The recently completed ‘Chalice’ sculpture is my second carved from Pyrophylite.
It came as something of a surprise, after the consistent colour and dense texture of ‘Archetype’, that this stone has two distinct colour volumes, with a much looser internal texture or ‘figuring’. The pale green volumes are noticeably translucent - similar to the earlier sculpture ‘Ascent’ which was carved from comparatively ‘powdery’ soapstone.
In terms of form, due to the cavities within it, it has a lot of interesting juxtapositions of edges and angles. Its look changes dramatically from different viewpoints, especially in close up angles. This is part of a conscious decision to make the surfaces more complex and ‘featured’, after the series of comparatively simple ‘obelisk-like’ forms.
This is the second sculpture in which I’ve used paint to enhance the textural changes in the surface. As I noted in the blog about ‘Archetype’; creating a different texture, without excessively tearing up the surface (as in the early sculpture ‘Claw’), tends towards a dull grey colour. While it was a clear decision to do this with ‘Archetype’, with ‘Chalice’ I had cause to pause, as the opacity of the paint tends to negate the translucent effects of the stone. This bought to mind a quote from Henry Moore (I think), when he said that he didn’t use strongly coloured / figured stone, as ‘the beauty of the stone distracted from the form of the sculpture’. As the translucency was an unexpected feature that emerged in the later stages of work, I decided to proceed with the painting.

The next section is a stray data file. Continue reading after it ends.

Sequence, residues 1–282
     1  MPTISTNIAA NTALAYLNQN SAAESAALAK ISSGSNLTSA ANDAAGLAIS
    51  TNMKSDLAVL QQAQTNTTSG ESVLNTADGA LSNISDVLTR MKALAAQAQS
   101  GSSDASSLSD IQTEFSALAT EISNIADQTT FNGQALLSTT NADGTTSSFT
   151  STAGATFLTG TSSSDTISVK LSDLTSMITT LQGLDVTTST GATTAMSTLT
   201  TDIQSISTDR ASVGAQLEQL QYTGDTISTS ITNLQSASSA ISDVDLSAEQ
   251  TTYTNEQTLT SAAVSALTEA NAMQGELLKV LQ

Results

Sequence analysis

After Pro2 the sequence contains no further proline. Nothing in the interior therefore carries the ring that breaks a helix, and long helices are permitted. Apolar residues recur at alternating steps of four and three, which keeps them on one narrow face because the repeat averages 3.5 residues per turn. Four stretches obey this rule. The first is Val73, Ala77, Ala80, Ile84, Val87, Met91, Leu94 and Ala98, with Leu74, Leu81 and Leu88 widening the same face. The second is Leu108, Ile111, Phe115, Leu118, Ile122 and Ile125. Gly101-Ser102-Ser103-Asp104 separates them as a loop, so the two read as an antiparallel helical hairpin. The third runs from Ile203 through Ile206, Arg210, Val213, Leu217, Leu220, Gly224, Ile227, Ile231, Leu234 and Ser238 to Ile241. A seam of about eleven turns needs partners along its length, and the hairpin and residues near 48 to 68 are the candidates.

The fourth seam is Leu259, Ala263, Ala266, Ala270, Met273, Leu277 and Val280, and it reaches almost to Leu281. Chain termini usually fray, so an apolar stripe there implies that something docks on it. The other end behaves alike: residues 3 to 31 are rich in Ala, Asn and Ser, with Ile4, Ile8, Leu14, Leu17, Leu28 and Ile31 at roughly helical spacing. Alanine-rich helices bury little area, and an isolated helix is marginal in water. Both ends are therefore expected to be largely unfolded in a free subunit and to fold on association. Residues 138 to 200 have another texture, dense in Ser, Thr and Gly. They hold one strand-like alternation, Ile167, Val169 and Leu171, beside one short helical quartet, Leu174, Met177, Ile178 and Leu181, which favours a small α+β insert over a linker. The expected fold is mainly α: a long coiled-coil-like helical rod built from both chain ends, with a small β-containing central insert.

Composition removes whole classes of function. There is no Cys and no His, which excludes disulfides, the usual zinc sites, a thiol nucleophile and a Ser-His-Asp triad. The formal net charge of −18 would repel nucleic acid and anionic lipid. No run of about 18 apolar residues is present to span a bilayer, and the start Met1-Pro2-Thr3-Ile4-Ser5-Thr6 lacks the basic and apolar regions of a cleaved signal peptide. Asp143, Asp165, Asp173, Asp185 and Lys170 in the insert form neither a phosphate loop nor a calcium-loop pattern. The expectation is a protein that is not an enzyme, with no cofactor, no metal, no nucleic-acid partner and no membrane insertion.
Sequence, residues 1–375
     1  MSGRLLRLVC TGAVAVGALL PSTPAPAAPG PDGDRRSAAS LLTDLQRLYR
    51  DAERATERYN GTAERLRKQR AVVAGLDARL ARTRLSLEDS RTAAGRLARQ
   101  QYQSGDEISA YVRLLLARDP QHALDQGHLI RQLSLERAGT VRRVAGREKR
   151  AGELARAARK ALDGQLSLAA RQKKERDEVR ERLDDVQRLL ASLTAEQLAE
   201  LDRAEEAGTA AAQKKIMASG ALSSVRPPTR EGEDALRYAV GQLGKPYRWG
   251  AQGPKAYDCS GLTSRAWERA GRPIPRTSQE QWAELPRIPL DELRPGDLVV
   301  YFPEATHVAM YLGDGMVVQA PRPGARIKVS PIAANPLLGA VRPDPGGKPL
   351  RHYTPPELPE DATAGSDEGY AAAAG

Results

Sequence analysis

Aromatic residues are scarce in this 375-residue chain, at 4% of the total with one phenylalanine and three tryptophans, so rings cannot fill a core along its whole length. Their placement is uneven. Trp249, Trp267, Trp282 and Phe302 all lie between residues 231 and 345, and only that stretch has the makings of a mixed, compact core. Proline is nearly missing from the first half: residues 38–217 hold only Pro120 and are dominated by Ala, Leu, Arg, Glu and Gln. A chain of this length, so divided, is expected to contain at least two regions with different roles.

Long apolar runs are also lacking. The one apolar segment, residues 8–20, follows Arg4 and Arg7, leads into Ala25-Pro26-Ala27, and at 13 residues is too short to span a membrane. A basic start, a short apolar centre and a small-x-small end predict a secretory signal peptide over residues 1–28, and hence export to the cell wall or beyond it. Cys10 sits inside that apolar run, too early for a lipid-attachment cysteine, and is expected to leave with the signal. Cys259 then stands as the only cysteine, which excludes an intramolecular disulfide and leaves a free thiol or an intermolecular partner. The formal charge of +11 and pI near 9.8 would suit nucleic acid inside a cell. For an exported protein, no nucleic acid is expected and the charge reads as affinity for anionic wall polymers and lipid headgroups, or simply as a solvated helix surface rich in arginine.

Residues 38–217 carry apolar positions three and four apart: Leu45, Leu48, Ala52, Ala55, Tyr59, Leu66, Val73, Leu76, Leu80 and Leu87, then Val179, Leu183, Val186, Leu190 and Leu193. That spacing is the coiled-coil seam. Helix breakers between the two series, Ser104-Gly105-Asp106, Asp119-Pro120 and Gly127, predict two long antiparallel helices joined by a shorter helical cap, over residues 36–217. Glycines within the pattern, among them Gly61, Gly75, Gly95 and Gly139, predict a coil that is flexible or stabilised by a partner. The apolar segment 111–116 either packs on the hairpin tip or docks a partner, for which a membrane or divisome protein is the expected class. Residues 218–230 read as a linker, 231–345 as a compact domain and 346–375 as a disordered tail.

A second conundrum was where to stop painting? I was clear that the surface created by the main negative space within the sculpture should be painted, but this surface flowed through the other holes created in the sculpture into the channels on the outer surface, without a natural break. So I decided that the outer channels should all have a consistent look, and painted them too.
This is the first sculpture I’ve done in which the holes piercing the volume intersect, which allows light to project into the internal cavities, reflecting brightly off the white paint. I’m very pleased with this effect (see previous blog entry on ‘Chalice’), and I’m sure that I’ll be incorporating it in future sculptures.
In mounting, for the first time I used aluminium alloy rod, rather than stainless steel. Visually, as I go for a ‘brushed’ rather than polished look, the two are very similar, but the working properties of the aluminium are better for hand tools. With all the ‘suspended’ sculptures, I hand cut threads onto each end of the rod, to help the epoxy to firmly bond to the stone and the wood. With the thinner gauges of stainless steel this is fine, but for the heavier gauges (see AdAstra) it’s very tough going, and really needs a thread cutting lathe. Hence the swap to aluminium.